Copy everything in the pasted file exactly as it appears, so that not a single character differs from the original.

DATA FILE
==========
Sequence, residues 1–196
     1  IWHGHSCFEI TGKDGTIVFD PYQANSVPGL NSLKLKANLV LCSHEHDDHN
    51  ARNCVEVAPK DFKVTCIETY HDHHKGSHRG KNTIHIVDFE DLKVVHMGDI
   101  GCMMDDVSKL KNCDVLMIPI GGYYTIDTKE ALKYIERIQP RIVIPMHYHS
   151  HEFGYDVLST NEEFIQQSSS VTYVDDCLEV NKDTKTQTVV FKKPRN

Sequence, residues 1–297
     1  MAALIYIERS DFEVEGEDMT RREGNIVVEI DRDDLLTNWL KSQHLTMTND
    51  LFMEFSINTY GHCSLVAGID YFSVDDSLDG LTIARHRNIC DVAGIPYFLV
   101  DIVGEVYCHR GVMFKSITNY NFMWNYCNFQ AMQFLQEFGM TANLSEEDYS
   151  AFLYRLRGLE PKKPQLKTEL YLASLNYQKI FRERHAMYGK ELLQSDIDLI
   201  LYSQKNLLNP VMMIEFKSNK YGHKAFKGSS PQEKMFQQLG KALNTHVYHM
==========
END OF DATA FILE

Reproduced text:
Sequence, residues 1–196
     1  IWHGHSCFEI TGKDGTIVFD PYQANSVPGL NSLKLKANLV LCSHEHDDHN
    51  ARNCVEVAPK DFKVTCIETY HDHHKGSHRG KNTIHIVDFE DLKVVHMGDI
   101  GCMMDDVSKL KNCDVLMIPI GGYYTIDTKE ALKYIERIQP RIVIPMHYHS
   151  HEFGYDVLST NEEFIQQSSS VTYVDDCLEV NKDTKTQTVV FKKPRN

Sequence, residues 1–297
     1  MAALIYIERS DFEVEGEDMT RREGNIVVEI DRDDLLTNWL KSQHLTMTND
    51  LFMEFSINTY GHCSLVAGID YFSVDDSLDG LTIARHRNIC DVAGIPYFLV
   101  DIVGEVYCHR GVMFKSITNY NFMWNYCNFQ AMQFLQEFGM TANLSEEDYS
   151  AFLYRLRGLE PKKPQLKTEL YLASLNYQKI FRERHAMYGK ELLQSDIDLI
   201  LYSQKNLLNP VMMIEFKSNK YGHKAFKGSS PQEKMFQQLG KALNTHVYHM